WM: I grew up with Doyle, Wells, Verne, and Stevenson, and even now I still go back and reread them all. It's the characters more than anything - Holmes especially is still recognizable worldwide all these decades later. Not many writers have captured the public imagination like that.

There's also the nostalgia factor - I've also written numerous Carnacki stories, and I've got a hankering to try a Victorian alien invasion story soon too. It's just the way my brain is wired I guess.

Plus, as a writer, having a pre-built framework to hang stories on gives you a way in to stories without having to worry about some of the technical aspects, so that's attractive too. 

IHOSE:  You were born in Scotland and now reside in Canada. How do your different locales impact your writing?

WM: Locale is always a big thing for me - a lot of my work is set in Scotland, and much of my newer stuff is now happening in Canada. Both have been rural environments in the main apart from a spell in Edinburgh. I now live on a remote shoreline up on the East Coast of Newfoundland with whales, icebergs and bald eagles for company, and a strange sense of isolation has crept into a lot of my recent work.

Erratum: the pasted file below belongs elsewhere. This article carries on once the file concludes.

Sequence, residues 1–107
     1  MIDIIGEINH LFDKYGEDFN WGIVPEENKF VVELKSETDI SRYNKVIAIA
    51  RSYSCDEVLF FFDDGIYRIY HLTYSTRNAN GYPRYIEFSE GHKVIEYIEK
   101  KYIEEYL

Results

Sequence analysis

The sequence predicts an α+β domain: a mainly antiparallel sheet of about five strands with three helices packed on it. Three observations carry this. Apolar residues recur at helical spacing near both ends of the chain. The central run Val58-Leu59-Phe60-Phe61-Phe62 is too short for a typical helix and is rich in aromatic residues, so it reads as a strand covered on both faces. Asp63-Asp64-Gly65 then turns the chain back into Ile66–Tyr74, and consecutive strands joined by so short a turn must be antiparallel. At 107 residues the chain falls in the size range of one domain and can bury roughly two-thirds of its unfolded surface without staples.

But I still go back to London for the Holmes and Carnacki tales. It helps that I spent ten years in the Old Lady back in the '80s so as a locale the old buildings, streets and parks are all still vivid in my mind. I find I need that kind of visual connection somewhere to get me into the stories in the first place.

IHOSE:  You have a story in a new anthology which is currently part of a Kickstarter campaign. Tell us a little bit about the story and the anthology.

WM: The anthology is My Peculiar Family and features original never before seen stories by: Christopher Golden and James A. Moore, Stacey Longo, Jason J. Mooers, Robert Mayette,William Meikle, F. Allen Farnham, Samantha Boyette, David Schechter, Rob Watts, Kristi McDowell, Karen Gosselin, George O'Conner, Derrick Belanger, Bracken MacLeod, John Pallisano and Tracy Hickman, with original artwork by Peter Vinton, Jr. and Sara Richard.

The individual stories are based entirely on a package each author was given containing a tintype, a name and an occupation/fact about a family member whose picture was found in a box, and had to tell that person's story.

My story "The Luck of Walter Dimsdale" is about a 19th century steamboat gambler who hits an extraordinary run of luck after meeting a strange woman. But good luck can turn to bad luck on one roll of the dice, and Walter finds that out all too quickly.